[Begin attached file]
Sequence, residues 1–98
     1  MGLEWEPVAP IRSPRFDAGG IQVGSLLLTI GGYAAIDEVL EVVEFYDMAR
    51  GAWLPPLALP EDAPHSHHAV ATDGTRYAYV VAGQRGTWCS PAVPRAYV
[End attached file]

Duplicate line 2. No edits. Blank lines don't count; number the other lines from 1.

     1  MGLEWEPVAP IRSPRFDAGG IQVGSLLLTI GGYAAIDEVL EVVEFYDMAR